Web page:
2 Malaysians killed in Lombok earthquake

JAKARTA • Three people were killed – including two Malaysian tourists – and some 182 others injured after an earthquake on Sunday triggered a landslide on the Indonesian tourist island of Lombok, next to Bali.

The 5.5-magnitude quake is thought to have caused the landslide at the Tiu Kelep waterfall in the north of the island.

Fourteen other Malaysians who were on the island, which is part of Indonesia’s West Nusa Tenggara province, were expected to return to Kuala Lumpur yesterday evening, Bernama news agency reported.

The two Malaysian victims are Sin Chew Daily deputy executive editor-in-chief Datin Tai Siew Kim and another woman identified as Ms Lim Sai Wah.

The third person killed, an Indonesian, has not been identified.

The two Malaysians who died were from a group of 28 Malaysians who arrived in Lombok last Thursday. Twenty-two of them were visiting the waterfall, located at the foot of a mountain, when the quake hit at about 2.07pm local time.

Ms Tai’s son, who was with her when the incident took place, suffered minor injuries and is said to be getting treatment at a hospital.

China Press newspaper reported that Ms Tai, 56, the wife of its editor-in-chief Datuk Teoh Yang Khoon, was in Lombok with her former classmates from a Chinese school in Johor.

Sin Chew Daily executive reporter E Met Yeat said Ms Tai, whom she had known for more than 15 years, was a helpful and caring superior.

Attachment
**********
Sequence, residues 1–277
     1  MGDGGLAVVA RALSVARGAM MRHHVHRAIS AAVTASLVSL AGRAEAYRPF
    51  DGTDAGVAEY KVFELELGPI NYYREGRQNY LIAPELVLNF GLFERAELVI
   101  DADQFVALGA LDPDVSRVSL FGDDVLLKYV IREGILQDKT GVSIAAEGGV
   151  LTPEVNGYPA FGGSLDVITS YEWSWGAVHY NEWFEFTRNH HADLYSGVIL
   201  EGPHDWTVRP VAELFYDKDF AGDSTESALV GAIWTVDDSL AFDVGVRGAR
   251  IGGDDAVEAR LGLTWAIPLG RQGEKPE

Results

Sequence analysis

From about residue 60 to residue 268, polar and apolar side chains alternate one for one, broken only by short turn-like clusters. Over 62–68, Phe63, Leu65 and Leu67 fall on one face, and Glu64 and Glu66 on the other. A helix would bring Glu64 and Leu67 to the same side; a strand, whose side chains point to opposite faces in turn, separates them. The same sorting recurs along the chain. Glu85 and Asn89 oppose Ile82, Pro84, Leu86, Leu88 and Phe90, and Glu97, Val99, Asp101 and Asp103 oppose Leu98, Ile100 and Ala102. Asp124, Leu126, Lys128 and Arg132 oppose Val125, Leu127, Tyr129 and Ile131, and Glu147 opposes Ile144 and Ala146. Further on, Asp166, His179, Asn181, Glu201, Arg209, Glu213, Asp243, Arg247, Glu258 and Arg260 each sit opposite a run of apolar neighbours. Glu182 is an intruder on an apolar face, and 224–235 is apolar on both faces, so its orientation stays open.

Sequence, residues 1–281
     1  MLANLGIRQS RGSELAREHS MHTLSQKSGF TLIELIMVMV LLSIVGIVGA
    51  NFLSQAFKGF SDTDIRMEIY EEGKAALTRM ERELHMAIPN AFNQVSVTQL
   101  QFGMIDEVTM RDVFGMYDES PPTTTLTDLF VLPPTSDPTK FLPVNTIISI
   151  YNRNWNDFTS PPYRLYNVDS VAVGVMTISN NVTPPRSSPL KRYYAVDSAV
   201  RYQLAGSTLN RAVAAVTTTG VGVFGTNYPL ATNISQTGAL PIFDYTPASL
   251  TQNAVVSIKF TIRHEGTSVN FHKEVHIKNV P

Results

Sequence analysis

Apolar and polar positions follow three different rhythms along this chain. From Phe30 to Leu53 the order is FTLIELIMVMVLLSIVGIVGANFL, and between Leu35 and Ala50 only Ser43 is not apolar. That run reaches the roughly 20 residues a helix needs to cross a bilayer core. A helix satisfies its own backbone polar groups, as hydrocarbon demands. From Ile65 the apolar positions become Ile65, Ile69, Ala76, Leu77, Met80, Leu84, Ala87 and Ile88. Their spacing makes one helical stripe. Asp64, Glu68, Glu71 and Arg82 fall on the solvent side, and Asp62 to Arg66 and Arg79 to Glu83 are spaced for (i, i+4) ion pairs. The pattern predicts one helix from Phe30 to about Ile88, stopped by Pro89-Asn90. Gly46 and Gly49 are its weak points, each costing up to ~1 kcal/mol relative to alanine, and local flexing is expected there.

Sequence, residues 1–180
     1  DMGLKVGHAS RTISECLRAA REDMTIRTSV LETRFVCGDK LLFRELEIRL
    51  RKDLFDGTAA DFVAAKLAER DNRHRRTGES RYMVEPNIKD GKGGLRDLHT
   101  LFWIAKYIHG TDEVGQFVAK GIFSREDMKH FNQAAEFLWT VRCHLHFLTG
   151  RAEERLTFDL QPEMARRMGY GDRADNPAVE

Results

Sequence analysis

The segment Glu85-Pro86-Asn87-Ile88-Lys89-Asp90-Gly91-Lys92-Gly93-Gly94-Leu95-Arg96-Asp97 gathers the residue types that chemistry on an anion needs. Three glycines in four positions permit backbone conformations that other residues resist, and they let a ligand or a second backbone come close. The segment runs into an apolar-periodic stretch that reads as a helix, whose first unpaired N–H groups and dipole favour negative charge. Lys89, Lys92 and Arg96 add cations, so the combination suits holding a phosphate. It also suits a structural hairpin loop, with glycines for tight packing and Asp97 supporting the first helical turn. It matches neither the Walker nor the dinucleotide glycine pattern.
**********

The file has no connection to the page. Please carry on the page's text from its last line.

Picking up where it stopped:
“Shocking news. It is difficult for me to accept it,” she said.

Lombok island is undergoing reconstruction and rehabilitation after a series of strong earthquakes last year which killed more than 500 people and left over 150,000 homeless.

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Sunday’s quake injured 182 people and destroyed 526 houses, said a spokesman for the National Disaster Management Agency, Mr Sutopo Purwo Nugroho.

Indonesia, which is prone to natural disasters, was hit by an earthquake and tsunami in Palu on Sulawesi island last September that killed around 2,200 people.

The South-east Asian archipelago of some 17,000 islands is one of the most disaster-prone nations on earth. It straddles the Pacific Ring of Fire, where tectonic plates collide. Earthquakes and volcanic eruptions are common.




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